His impression of this was more like a large tube with a plunger attached. It used air pressure to speed up the process of filtering the coffee. After his first experiment, he realized there was a big difference in taste. The quality of the coffee was there, but the bitterness and acidity were gone. Alan wasted no time in calling his business manager Alex Tennant at Aerobie, to quickly come to his house.

Alex was one of the first to try this new kind of coffee. His impressed reaction followed by him stating: I could sell a ton of these’, started the ball rolling. For the next year, Alan further developed the design with used different sized tubes and plungers. He had no idea how to develop the instructions, but over time they presented themselves as it evolved. In the end, Alan decided on thew name AeroPress for this new invention.

comparing areopress to french press and pourover
It is easy to find similarities between the Pourover and French press when using the AeroPress. 

A Real Do-It-Yourself Guy

By 2005, Alan took 100,000 dollars and his design plans to a Livermore-based plastics company.

They used the plans to make the molds for this invention. That same year they began production of the product and debuted it at Seattle’s Coffee Fest. Not only was their product accepted by the community there, but the user-friendly design was also a hit. Local brewers loved the catchy appeal to making fresh coffee for customers. The selling price was also a hit at just 30 bucks per unit.

But nationally it was not well received and sales took a beating for the worst. Alex Tennant ended-up begging his sales reps to not drop the product from their list. In 2006 and 2007, these were the hardest years and it seems evident that the product would be shelved. Yet even though the product was placed in popular stores like Target, a hidden community would change everything. Back in 2007, the internet was buzzing with forums. One forum out of thousands changed it all for AeroPress.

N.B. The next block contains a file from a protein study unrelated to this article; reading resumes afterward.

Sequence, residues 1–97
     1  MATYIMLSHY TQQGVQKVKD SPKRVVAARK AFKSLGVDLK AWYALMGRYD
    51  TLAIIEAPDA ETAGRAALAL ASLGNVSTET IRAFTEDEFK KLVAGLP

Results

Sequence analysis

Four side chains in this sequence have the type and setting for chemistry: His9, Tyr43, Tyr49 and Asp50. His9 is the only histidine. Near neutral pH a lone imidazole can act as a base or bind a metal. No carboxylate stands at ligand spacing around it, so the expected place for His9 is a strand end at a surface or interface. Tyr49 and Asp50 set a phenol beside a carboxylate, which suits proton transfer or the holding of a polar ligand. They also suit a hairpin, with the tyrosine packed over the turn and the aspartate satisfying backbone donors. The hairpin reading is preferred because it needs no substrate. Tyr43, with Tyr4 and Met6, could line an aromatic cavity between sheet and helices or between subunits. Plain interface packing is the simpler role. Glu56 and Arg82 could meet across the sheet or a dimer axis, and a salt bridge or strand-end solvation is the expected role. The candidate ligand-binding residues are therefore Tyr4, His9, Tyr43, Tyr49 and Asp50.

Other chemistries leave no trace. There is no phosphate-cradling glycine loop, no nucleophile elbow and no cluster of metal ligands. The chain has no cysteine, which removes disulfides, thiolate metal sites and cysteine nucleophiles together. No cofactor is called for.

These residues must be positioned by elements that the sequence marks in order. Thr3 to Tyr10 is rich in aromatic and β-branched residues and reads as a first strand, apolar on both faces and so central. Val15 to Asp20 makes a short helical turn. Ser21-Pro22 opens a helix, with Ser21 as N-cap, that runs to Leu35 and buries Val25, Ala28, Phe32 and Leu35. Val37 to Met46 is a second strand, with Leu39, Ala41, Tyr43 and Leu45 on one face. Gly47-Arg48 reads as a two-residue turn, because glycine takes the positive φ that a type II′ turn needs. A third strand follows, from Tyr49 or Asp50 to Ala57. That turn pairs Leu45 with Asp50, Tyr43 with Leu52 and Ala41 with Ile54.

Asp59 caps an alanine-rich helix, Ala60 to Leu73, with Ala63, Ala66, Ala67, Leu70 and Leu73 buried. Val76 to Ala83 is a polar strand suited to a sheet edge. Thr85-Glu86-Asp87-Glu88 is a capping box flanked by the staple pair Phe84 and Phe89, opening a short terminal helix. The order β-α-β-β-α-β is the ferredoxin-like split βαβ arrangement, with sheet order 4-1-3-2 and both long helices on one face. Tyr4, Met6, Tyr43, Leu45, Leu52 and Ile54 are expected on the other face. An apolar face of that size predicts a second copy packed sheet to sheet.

A website called “CoffeeGeek” with an incredible army of 82,000, knew of a thread from 2005, reviewing the Aerobie AeroPress. It was the sole reason the Seattle Coffee Fest helped gained attention for this new product. It reached 7.3 million views with over 2700 posts before Alan discovered the site. He reached out and joined the group. He began discussions about the product and how it works, much like his mentoring days at Stanford. He made over 683 individual posts on the site about his new product.

Not just another showman

By 2008, the product began taking off and international orders were beginning to be requested. The interest was so strong from the power of the internet at that time. Adler already knew how advertising and television worked well to sell the Aerobie, but the internet was all free press. He used his skills from previous publicity stunts he did in the last three decades to gain more attention. Before he used the Guinness World Record to win recognition and did it again with the AeroPress.

The World AeroPress Championships was born in 2008 and has gained a massive following around the world. It also is directly linked to 38% of annual income for AeroPress. Right now, northern Europe is especially dedicated to this product. These are countries where people are very serious about coffee. Today this product is sold in 56 countries all around our globe. But what Alan had not expected wasn’t just people playing with his invention, they became his extended classroom.

The AeroPress Movement

With the success of the World AeroPress Championships that are still currently being held. A total of 58 national competitions all over the world lead up the World Championships that are held each year. Every year 3000 people compete for the top wins. What began as a fun way to make coffee, has turned into a fierce science. These hopefuls turn up every year to introduce their newest brewed inventions.

2016 areopress championship